6. On his claim for over time, the Applicant clarified that he worked for 10 hours a day, whereas the company policy was that employees worked 9 hours per day and that anything in excess of the 9 hours would be paid as overtime. In this regard he referred the Court to minutes of a meeting held in April 2008 where this was discussed.
7. Under cross questioning by the Respondent’s Counsel the Applicant maintained that he did not know anything about the alleged welding machine he is said to have been caught out by security guards trying to steal. He stated further that the first time he got to know of the incident was when he was approached by the Human Resources Manager on 11 December 2009, when he was suspended. The Human Resources Manager informed him that the welding machine that he had been caught trying to steal was the one assigned and used by him, he was surprised at this as he did not know anything about this allegation and that it had disappeared.
8. When referred to the document A2, a copy of the occurrence book in which the incident was recorded, the Applicant pointed out that the incident was recorded on 12 December 2009, a day after his suspension and 2 days after the incident allegedly took place. He reiterated that this was all made up to get rid of him since he was not in good terms with Corbert. That was the Applicant’s case.
9. First to testify in support of the Respondent’s case was Sipho Sikhondze. He testified that in December 2009, the Applicant and Sonnyboy Dlamini approached the gate where he was stationed on the day, the vehicles gate, carrying a big white sack, which looked heavy. He, together with his colleague, Sibusiso Mavimbela, got suspicious of what they could be carrying and asked to search inside the sack. On conducting the search, they discovered that there were food rations and underneath the rations was a welding machine. He asked them where they were taking the welding machine and the Applicant’s response was that he had been given the machine by his supervisor Corbert. When this witness asked for a gate pass allowing him to take the machine out of the mine he failed to produce same but instead tried to bribe them with E100 to allow them to leave with it and not to report about this incident. He together with his colleague then confiscated the welder from the Applicant. This witness testified that what made him suspect that they were stealing the machine was because it was hidden underneath the food rations in the sack, the fact that they failed to produce a gate pass, the attempt to bribe them and the fact that they were using a gate designated for motor vehicles and not pedestrians.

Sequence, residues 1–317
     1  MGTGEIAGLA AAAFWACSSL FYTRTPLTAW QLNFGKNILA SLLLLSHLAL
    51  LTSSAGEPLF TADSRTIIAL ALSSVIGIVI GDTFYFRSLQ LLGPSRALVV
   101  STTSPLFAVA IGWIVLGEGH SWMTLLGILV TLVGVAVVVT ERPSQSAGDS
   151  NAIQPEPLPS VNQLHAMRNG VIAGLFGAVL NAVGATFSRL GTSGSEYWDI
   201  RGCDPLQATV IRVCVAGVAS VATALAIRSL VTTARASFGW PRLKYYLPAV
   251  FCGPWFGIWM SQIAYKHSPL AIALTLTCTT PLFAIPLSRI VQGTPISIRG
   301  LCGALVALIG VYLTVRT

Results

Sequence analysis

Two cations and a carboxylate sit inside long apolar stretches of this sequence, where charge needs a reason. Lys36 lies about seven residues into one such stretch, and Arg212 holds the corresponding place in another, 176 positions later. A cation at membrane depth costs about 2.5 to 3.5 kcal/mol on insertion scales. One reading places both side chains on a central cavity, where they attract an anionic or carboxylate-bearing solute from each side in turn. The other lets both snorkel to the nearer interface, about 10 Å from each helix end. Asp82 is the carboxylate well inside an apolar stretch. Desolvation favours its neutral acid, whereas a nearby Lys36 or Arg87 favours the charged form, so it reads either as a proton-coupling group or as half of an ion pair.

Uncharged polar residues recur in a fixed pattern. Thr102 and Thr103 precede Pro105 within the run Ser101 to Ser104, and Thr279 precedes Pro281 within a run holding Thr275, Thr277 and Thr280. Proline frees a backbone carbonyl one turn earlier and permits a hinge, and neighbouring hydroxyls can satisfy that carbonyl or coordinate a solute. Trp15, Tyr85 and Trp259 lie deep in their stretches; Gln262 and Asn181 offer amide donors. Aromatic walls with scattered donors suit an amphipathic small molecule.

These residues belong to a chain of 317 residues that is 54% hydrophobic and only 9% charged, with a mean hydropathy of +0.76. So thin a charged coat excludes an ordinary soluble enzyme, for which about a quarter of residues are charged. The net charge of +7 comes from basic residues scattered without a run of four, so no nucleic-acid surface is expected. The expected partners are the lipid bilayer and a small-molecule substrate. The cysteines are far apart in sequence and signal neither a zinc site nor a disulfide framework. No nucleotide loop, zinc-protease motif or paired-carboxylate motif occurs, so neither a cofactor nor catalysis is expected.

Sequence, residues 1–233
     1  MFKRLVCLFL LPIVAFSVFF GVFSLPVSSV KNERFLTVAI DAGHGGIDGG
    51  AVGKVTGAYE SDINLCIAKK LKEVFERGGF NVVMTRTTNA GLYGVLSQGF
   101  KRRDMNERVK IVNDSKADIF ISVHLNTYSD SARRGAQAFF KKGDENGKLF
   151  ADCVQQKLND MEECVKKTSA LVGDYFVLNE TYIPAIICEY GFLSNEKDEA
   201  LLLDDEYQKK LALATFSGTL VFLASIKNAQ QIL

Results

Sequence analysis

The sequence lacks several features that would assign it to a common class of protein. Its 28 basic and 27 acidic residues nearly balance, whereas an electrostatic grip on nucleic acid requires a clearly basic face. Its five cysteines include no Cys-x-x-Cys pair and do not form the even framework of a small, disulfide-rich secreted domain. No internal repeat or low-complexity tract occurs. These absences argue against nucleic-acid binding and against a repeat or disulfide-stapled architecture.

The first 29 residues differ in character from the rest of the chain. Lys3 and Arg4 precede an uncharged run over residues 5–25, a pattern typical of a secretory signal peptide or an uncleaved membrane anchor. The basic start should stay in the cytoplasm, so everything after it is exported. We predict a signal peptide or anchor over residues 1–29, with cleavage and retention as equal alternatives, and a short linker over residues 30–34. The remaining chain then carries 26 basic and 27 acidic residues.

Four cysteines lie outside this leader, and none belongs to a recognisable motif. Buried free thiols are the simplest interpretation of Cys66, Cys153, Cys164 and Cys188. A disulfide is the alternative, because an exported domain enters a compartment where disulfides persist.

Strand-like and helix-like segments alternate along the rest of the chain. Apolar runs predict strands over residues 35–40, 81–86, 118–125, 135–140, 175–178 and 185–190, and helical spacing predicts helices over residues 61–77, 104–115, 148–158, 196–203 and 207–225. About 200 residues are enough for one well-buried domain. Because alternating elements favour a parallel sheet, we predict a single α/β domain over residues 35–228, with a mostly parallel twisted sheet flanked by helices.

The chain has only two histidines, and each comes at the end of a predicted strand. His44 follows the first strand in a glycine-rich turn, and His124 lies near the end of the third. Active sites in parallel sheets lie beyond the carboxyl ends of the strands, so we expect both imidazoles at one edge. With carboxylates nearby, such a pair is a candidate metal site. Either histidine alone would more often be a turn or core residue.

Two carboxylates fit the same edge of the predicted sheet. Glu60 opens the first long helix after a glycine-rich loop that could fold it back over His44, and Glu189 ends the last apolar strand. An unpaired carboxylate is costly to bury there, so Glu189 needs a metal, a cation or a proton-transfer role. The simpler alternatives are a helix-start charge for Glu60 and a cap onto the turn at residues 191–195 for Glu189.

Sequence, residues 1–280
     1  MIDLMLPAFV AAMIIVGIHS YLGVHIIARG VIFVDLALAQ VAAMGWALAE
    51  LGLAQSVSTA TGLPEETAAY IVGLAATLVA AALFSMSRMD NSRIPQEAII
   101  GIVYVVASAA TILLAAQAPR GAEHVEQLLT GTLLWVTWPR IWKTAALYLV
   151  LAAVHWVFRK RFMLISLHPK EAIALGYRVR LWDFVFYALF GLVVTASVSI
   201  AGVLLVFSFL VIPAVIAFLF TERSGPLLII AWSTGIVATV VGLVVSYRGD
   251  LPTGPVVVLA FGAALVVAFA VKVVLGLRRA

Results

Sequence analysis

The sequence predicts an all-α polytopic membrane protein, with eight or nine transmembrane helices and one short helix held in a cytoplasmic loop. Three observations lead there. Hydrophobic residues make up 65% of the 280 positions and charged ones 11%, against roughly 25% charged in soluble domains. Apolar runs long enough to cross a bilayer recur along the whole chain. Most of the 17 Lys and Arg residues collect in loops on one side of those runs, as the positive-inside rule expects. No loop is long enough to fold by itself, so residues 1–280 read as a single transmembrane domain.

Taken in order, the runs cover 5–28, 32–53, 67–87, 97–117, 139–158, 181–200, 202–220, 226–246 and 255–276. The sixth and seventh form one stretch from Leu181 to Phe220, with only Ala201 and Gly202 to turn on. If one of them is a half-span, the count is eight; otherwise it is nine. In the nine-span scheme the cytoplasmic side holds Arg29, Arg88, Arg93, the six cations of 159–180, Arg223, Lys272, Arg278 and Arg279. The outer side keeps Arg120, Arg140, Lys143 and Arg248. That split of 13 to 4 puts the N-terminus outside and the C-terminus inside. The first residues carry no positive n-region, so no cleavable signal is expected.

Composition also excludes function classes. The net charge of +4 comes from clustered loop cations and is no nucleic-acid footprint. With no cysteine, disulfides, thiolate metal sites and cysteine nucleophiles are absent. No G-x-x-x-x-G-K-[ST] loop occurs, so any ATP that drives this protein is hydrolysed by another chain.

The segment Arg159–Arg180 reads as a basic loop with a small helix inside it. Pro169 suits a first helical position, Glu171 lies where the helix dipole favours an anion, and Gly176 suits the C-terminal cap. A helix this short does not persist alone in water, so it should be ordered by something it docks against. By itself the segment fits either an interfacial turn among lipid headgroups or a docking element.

10. He further testified that they handed the welder to their supervisor Sifiso Mhlanga. The next day they confronted Corbert to ask whether he had given the Applicant authority to leave with the welder and he denied having done so. The Applicant was subsequently charged and taken through a disciplinary process where he was called as a witness. When referred to the recording in the occurrence book, this witness clarified that he had recorded the incident in in his own recording book and the supervisor, Mhlanga, then transferred it to the occurrence book on 12 December, 2009, interestingly though he never produced his personal recording book.
11. Under cross examination by Attorney Mr. Zwane on behalf of the Applicant, this witness testified that when they confiscated the welder, photographs of it were taken and it remained at the guard house at the gate and was produced at the hearing against the Applicant. He also testified that they also confiscated the food rations. When Attorney Zwane brought it to his attention that what he was telling the Court was now at variance with what he said at the hearing, this witness blamed it on the time that had elapsed since the incident took place. He insisted though that the incident did occur.
12. The second witness for the Respondent was Sifiso Mhlanga. He testified that he is employed as a Chief Security Officer by Lumber Security company, a company that rendered security services to the Respondent mine. In 2009 though he held the position of Senior Security officer and according to him all security guards reported to him. Like the first witness, he testified about how the Applicant had tried to steal a welding machine when he was caught out by the security guards manning the gate reserved for vehicles. He also testified about the attempt to bribe the security officer with E100.